486 Acquired

This is mainly just a story of how I picked up my 486DX2s for testing. Nothing technically interesting here.

It is kinda long.


I'm trying to target a 486DX2 at 66mhz for this project. The other important specs are pretty common. VGA graphics and a SoundBlaster 2.0+ compatible sound card.

I hit up eBay for some 486 parts. Found a 486DX2 at 66mhz, on a motherboard with a couple of PCI slots. PCI-supporting 486 PCs weren't really that common, so I'm hoping this simplifies getting hardware supported by the thing. The main rare thing seems to be ISA VGA cards. Everyone is looking for them, and the ones online are expensive. I might just toss an old PCI GeForce card in there and not worry about it.


I was at Weirdstuff warehouse looking for parts for the to-be-assembled 486, when I noticed a beat up old PC with no pricetag and no specs labeled on it. The only thing I could see on it were some serial ports, a VGA port, a pair of PS/2 ports, and - on the other side - a floppy drive an a 4x speed CD drive. I grew up with a 486 with a 2x speed CD drive, so that one marker put it in the right ballpark for being a slightly later 486.

One of the employees (or owner?) let me take it over to the workbench and crack it open. Couldn't tell much except that the bus speed was set at 33mhz with the jumpers. We plugged it into a monitor there and powered it on with no result. No signal. So I figured I'll need an ISA VGA card to stick in the thing, but otherwise it's probably pretty close to what I need.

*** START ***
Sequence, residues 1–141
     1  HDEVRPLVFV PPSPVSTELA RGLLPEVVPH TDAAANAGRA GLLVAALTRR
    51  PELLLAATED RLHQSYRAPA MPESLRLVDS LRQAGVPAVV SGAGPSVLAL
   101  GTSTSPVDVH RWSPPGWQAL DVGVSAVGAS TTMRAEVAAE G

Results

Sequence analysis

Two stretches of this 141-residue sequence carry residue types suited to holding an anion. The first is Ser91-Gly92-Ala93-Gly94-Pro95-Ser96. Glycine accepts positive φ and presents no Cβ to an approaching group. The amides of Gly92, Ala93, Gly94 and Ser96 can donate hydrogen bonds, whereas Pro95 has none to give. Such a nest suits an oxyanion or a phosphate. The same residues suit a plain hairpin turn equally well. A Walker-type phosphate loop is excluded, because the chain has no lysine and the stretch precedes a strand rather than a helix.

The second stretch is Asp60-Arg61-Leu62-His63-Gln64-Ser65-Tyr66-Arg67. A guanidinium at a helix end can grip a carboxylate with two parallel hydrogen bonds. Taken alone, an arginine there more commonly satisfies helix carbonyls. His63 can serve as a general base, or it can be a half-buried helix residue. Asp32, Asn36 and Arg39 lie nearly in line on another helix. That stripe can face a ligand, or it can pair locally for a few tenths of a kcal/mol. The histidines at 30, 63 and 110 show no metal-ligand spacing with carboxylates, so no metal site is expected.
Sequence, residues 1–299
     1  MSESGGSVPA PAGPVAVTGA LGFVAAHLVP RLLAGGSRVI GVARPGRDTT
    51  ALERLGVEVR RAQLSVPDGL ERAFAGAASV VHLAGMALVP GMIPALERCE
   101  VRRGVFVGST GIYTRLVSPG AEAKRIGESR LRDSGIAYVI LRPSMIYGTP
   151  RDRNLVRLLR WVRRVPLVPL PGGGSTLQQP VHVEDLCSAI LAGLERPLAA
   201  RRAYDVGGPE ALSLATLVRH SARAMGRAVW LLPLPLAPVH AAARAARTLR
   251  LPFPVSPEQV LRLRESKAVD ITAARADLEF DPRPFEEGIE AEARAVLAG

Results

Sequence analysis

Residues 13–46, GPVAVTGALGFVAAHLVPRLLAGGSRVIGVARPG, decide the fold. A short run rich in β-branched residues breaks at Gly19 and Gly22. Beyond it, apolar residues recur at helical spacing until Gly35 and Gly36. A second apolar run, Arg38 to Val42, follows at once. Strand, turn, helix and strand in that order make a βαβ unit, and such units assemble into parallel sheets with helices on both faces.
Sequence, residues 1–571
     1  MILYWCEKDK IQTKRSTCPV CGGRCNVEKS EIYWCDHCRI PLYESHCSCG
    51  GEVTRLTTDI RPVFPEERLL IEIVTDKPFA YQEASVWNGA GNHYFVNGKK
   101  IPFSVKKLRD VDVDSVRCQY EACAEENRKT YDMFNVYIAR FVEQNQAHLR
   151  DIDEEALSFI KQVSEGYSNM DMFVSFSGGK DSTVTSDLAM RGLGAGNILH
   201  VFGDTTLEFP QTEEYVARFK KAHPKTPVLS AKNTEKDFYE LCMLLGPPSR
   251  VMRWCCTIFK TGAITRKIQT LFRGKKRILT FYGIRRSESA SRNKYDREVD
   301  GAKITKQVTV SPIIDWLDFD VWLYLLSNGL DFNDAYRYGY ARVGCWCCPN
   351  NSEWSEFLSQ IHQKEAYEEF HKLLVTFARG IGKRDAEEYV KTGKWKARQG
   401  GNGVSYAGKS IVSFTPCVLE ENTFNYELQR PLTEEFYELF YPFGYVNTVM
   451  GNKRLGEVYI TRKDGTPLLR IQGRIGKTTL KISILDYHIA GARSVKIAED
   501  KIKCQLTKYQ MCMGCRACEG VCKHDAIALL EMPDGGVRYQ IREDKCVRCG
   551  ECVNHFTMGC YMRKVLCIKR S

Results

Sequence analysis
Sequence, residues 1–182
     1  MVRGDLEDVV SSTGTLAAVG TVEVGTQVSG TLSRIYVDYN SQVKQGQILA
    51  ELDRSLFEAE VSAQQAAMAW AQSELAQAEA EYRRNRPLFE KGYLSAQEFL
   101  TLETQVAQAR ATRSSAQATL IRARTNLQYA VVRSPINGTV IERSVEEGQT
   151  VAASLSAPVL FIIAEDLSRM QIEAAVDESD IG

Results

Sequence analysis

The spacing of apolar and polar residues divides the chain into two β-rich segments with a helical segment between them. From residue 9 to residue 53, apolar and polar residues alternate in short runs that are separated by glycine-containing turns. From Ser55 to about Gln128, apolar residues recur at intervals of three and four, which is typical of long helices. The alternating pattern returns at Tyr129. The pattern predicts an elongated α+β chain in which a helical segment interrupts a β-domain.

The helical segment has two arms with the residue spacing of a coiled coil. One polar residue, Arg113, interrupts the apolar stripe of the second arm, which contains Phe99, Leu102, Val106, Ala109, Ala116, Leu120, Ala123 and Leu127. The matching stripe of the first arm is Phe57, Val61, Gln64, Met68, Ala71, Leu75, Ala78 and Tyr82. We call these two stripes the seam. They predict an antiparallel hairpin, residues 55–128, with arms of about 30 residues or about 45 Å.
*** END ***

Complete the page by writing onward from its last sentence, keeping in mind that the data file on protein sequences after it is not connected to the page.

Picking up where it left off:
One interesting sign was that the CPU had a heat sink on it. Just a heat sink, without a fan. Anything older than a 486/386 probably wouldn't bother with a heat sink. Anything newer (Pentium and up) would probably also have a fan.

I bought it with the knowledge that it'd probably be a bit of a fixer-upper. And it was. But when I got home and plugged it into my CRT, it popped up with a message that the CMOS settings were bad. Probably a dead battery on the board, but otherwise everything's good! It was exactly the right processor. An AMD 486DX2 at 66mhz. Perfect.

Well, that little dead battery turned out to be a lot more of a hassle than anticipated. The system wouldn't be able to recognize any hard drive without a working battery. The HD settings wouldn't be remembered between the time you set them and the time it looks for a boot device when you reboot.

To make matters worse, it turned out to be one of those Dallas 12887 Real Time Clock chips with the battery built in. Thanks to some handy internet guides, I learned how to modify these chips (with the help of a dremel and a soldering iron) to accept an external battery and bypass the internal one. By that night I had a functioning 486DX2! Note that the guides are mostly about the older 1287 (one '8', rather than two), but the modification is about the same for the 12887.

For anyone interested in the process, Peter H. Wendt's site has information on the mod. Terry Stewart's site also has information on it.


Other nice stuff found at WeirdStuff: a couple of Vibra 16 (Low end SB16) cards, and a few 3COM Etherlink III ISA network cards. The Etherlink III cards are great, and I'll go over that more in the "Networking DOS" section.